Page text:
I was baptized at the St. Joseph Catholic Church in Tacoma, a Slovakian parish. I wouldn’t have guessed it growing up, but apparently there were enough of us around Tacoma in the 1950s to support a stone building and vestments. I’ve looked and can’t find a certificate of that heavenly commitment: I’d like to see if Dad was there, or if he signed it. His family was sure the Catholics got it wrong, though I can’t remember Dad worrying about it much. I’ve never been to St. Joseph since being baptized, but know they quit speaking to Slovaks and now utter the homily in Latin only. It’s not about numbers.
I was twenty-something and contacted the church to ask what it meant that I was baptized there, what it meant for them and for me. The priest kindly carved time from crafting his weekly homily to send me a letter – en anglaise – explaining that, yes, I am Catholic, and, yes, I am free to avail myself to all the wonders of the Church of Rome. I didn’t seek an explanation and assumed it meant I was Catholic. That’s what it said, right?
Never talking to any Catholics I knew, I began going to Mass before university classes on Fridays. I spoke nary a word there to anyone, and no one talked to me. As an American kid, growing up in suburbia and visiting the local Presbyterian or Lutheran church whenever Mom decided I was going, the Mass was otherworldly to me, a crack in the ceiling shining light onto something hidden. Talking would ruin that, I thought, and I didn’t want it disturbed by something so pedestrian as, well, pedestrians. I felt settled there, my heart and mind resting in harmony.
I took the missive from St. Joseph- my understanding of it anyway – as an official word from G, interpreting it to mean I could take the Eucharist with other poor and broken souls at eight in the morning. I never questioned my participation, nor did the priest who offered the Host.
Through jobs and careers, I ended up in middle Georgia, working at a nuclear plant. If you don’t know, Middle Georgia IS NOT a Catholic stronghold, and my family and I attended the Vidalia First Baptist Church. I was an outlier there, not as a Catholic, but simply because I didn’t agree that, as one member described it, all Catholics were ‘logs for the fire.’ That, and I asked questions. Lots of questions.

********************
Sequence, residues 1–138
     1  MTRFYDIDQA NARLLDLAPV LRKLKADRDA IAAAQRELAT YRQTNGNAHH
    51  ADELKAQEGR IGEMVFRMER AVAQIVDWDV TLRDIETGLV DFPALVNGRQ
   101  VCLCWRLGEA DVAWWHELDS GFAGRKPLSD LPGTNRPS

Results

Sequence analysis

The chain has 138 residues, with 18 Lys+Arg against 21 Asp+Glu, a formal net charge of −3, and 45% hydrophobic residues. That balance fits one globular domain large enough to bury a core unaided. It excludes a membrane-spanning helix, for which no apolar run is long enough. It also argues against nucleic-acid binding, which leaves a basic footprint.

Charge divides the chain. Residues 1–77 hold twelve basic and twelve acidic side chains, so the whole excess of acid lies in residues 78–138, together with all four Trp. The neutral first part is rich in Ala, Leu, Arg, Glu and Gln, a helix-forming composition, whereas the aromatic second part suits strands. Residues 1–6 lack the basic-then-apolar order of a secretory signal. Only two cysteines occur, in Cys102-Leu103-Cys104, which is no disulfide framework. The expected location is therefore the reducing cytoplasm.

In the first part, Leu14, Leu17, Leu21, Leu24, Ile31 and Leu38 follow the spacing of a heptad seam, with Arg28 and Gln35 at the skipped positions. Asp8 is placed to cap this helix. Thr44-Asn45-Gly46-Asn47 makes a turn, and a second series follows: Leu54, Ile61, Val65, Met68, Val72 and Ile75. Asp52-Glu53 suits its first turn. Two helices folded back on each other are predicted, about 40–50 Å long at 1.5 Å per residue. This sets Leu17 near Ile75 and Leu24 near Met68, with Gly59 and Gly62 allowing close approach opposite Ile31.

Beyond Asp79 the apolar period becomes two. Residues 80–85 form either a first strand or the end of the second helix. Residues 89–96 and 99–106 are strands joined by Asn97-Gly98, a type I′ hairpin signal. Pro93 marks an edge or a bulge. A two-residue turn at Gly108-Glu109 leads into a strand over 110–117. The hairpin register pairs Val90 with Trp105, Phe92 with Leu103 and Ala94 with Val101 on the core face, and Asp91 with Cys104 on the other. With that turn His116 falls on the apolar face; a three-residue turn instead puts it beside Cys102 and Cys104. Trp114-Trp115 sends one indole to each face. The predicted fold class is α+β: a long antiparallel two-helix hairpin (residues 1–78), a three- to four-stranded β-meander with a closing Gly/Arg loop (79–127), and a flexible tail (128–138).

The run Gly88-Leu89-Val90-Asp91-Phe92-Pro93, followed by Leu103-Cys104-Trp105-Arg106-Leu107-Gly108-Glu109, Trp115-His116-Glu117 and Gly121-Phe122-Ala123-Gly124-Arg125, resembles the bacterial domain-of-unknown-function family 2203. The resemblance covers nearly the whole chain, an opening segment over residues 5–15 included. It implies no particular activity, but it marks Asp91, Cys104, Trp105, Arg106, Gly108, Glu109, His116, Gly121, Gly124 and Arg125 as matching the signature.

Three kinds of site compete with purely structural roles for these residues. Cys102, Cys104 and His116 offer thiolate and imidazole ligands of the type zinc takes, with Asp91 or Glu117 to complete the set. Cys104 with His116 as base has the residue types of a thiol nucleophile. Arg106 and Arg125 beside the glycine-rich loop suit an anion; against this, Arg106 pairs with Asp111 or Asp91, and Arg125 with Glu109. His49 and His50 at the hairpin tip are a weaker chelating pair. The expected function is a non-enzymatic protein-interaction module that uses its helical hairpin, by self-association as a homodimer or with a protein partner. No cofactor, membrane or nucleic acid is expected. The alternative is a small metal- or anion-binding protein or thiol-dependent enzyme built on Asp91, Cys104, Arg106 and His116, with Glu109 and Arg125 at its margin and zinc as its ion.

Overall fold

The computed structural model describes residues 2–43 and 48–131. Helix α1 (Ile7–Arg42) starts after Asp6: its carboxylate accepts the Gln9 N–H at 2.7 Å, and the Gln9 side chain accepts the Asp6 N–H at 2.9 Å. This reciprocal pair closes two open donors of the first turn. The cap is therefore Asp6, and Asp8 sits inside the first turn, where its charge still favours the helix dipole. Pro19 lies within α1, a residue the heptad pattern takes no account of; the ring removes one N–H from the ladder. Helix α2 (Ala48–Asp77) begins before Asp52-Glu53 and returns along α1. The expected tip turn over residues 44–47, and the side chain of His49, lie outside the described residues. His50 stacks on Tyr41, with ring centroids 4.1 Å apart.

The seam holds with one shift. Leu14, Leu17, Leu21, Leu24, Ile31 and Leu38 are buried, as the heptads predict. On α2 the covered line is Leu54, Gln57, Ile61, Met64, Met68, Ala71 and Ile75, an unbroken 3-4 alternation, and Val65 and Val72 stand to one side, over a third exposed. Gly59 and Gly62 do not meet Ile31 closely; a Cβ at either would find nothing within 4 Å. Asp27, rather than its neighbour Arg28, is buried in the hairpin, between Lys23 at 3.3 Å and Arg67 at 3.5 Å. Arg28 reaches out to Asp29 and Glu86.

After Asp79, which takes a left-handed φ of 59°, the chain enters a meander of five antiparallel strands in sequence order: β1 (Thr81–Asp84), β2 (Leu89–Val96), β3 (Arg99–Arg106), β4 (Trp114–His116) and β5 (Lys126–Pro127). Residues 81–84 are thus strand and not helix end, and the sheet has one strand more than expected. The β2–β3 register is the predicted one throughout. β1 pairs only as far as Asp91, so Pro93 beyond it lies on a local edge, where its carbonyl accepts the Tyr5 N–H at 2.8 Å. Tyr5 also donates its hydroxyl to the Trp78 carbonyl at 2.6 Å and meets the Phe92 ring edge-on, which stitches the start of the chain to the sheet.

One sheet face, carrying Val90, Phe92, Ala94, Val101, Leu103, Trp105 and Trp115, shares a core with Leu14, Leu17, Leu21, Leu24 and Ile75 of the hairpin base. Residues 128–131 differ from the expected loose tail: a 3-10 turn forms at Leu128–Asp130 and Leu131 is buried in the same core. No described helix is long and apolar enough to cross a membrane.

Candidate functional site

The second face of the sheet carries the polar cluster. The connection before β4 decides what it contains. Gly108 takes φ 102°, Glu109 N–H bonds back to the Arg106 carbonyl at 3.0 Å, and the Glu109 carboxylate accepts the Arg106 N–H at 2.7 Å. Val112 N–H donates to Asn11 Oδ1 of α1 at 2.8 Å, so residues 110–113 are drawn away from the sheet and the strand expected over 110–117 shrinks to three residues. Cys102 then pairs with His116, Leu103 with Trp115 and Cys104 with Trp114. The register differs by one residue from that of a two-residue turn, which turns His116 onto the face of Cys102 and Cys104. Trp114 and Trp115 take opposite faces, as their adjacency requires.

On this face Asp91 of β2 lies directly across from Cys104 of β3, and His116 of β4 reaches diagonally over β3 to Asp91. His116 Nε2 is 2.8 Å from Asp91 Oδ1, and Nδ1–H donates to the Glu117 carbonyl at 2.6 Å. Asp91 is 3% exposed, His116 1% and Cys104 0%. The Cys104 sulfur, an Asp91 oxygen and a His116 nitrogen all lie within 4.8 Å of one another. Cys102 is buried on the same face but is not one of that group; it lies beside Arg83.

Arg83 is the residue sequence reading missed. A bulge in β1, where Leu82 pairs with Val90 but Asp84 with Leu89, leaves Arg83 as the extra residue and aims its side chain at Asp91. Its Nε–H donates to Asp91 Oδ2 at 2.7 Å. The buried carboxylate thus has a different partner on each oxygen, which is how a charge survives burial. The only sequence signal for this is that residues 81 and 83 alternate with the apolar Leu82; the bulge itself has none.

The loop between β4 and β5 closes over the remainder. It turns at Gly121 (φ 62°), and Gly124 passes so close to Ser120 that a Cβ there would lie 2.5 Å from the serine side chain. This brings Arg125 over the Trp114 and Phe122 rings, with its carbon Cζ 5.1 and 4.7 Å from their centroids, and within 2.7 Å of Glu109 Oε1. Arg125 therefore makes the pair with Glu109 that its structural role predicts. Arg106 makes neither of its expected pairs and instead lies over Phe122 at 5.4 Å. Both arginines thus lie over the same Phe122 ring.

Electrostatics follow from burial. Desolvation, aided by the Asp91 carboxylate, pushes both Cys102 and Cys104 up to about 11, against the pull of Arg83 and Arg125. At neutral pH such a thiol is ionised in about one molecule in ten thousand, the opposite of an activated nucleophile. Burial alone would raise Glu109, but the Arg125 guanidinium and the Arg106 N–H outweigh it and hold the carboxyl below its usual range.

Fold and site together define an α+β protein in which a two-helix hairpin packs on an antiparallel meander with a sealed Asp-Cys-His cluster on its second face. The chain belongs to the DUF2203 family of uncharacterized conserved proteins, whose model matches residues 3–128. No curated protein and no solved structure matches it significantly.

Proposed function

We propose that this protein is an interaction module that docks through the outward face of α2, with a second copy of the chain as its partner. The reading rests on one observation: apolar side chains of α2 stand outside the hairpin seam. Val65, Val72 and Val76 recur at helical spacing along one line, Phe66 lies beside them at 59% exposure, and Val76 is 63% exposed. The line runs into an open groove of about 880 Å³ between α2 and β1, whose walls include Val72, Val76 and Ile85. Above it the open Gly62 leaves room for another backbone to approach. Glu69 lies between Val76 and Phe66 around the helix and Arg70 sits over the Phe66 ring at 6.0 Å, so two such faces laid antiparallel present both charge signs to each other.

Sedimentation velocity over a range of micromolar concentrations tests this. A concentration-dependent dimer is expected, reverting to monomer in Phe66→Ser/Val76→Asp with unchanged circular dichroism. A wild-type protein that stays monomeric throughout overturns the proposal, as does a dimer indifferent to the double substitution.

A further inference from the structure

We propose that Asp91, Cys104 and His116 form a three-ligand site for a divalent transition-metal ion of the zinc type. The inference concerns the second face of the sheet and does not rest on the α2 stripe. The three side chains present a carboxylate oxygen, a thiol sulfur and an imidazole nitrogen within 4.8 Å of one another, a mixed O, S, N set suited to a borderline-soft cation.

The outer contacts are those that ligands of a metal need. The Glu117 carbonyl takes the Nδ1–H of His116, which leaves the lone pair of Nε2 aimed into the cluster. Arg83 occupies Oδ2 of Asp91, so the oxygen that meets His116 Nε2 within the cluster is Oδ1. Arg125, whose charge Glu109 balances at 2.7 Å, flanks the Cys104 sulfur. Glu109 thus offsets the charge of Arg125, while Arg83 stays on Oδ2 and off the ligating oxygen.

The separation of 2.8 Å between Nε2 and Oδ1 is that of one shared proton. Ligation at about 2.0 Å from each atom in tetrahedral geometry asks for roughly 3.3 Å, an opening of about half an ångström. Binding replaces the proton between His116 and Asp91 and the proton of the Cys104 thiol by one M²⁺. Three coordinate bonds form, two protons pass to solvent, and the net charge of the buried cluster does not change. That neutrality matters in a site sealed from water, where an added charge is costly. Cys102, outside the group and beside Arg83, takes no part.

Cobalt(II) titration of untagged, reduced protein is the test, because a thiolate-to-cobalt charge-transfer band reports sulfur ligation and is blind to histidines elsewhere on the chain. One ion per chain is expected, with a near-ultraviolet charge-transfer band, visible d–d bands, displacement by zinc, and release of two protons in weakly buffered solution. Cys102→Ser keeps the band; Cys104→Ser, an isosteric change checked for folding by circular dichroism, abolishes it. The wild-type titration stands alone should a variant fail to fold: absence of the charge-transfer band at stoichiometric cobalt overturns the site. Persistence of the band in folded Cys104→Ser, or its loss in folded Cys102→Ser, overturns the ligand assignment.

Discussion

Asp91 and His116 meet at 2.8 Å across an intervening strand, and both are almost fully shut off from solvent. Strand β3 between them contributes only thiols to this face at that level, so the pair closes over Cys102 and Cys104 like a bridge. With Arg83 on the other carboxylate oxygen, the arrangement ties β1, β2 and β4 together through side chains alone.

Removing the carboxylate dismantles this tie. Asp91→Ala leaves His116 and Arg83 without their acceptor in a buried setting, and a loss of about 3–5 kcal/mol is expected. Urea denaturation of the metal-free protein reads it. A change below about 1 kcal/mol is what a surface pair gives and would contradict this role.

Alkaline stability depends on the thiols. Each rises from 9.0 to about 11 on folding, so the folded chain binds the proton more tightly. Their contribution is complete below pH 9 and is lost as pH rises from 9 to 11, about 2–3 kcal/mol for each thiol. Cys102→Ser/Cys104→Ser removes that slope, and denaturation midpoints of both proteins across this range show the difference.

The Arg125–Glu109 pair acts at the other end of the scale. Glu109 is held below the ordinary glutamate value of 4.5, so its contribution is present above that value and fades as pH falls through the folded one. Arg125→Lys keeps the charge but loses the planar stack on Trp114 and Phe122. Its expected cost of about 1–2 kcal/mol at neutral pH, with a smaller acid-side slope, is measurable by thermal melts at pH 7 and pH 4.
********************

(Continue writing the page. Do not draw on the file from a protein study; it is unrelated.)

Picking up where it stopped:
I’ve always had a religious leaning toward the mysterious, and, even as a member of First Baptist Church, I would sneak off to the woods on Friday nights to Mass, taking up my old routine, never meeting anyone and only going for the Eucharist. I laughed each time I went: in most Southern cities, the First Baptist spire pierces the sky, as the protestors reach out toward heaven. But don’t raise your hands: we don’t do that here. The Catholics, here, humble souls, met in a tiny church outside of town, surrounded by loblolly pines and crickets.
The church was empty on this night except for me and the priest. He walked over to ask me if I would do the reading that night. I should have said yes or asked about the weather and got on with it, but, suffering from the affliction of always having to explain myself, I said I’d be happy to, but he should know, if it means anything, that I’m not a full Catholic.
Choking a little, he asked, “What does that mean…full Catholic?”
“I’ve never been confirmed,” I said, “just baptized.” A thunderclap rattled the windows.
I couldn’t tell if he was amused or pained or both. “That doesn’t mean you’re not a full Catholic.” He clenched his teeth, looking like I imagine the nuns did, rearing their rulers to correct my Slovak-speaking mother in English class. “There is no part-Catholic and no full-Catholic. An adult who isn’t confirmed, isn’t a Catholic.”
I shrugged my shoulders and sat for Mass. At the appointed time, I went forward for the Eucharist, and the priest shook his head, no. I think it was a no. It could have been a ‘get thee behind me Satan’ except I don’t think Catholics say ‘thee.’
I sat back down, unsatisfied, and chased the priest after the service, again explaining myself, because that always makes it right. It didn’t, and I caught him just before he slipped through a doorway. He spun and held up his hands. “Whatever you were told,” he said, “or however you understood it, it’s wrong.” As I write it now, I wonder why he didn’t put his hand on my shoulder and ask me into his office for a smoke, where he could explain the doctrine to me. But, maybe that’s another story.
And that was it. I never went back.
I continued to read Catholic theology, and I still think something wonderful happens at Mass, something quiet, without words, something that slips in between prayers when you’re not expecting it. So today, enjoying a few days of vacation, I went back to my old plan, slipping out while everyone sleeps, to attend Morning Mass at Holy Family. It was wonderful. And no one talked to me.
For more general Catholic stuff, you might like to read the Jerusalem Bible. It’s called a Catholic Bible because it incorporates the apocrypha. I went to a Bible school for a time in Cannon Beach, and one of the speakers saw me toting my five-pound Bible one day. “A Jerusalem Bible,” he said, and I wasn’t sure if he was happy about it. I beat him to the punch. “What do academics think about the Jerusalem Bible?” This Protestant Evangelical in a room filled with young Protestant Evangelicals beamed a grin and grabbed my Bible. “This,” he said, paging through my notes, “is one the best Bible’s ever.” He looked at me, nodding and still smiling. “Good choice.” Then his evangelicalism took over: “Keep your nose in that thing.”
Go here to read any of the Jerusalem Bible. You can read the entire thing for free though there will be enough pop-ups asking for money that you might pony up just to be left alone.
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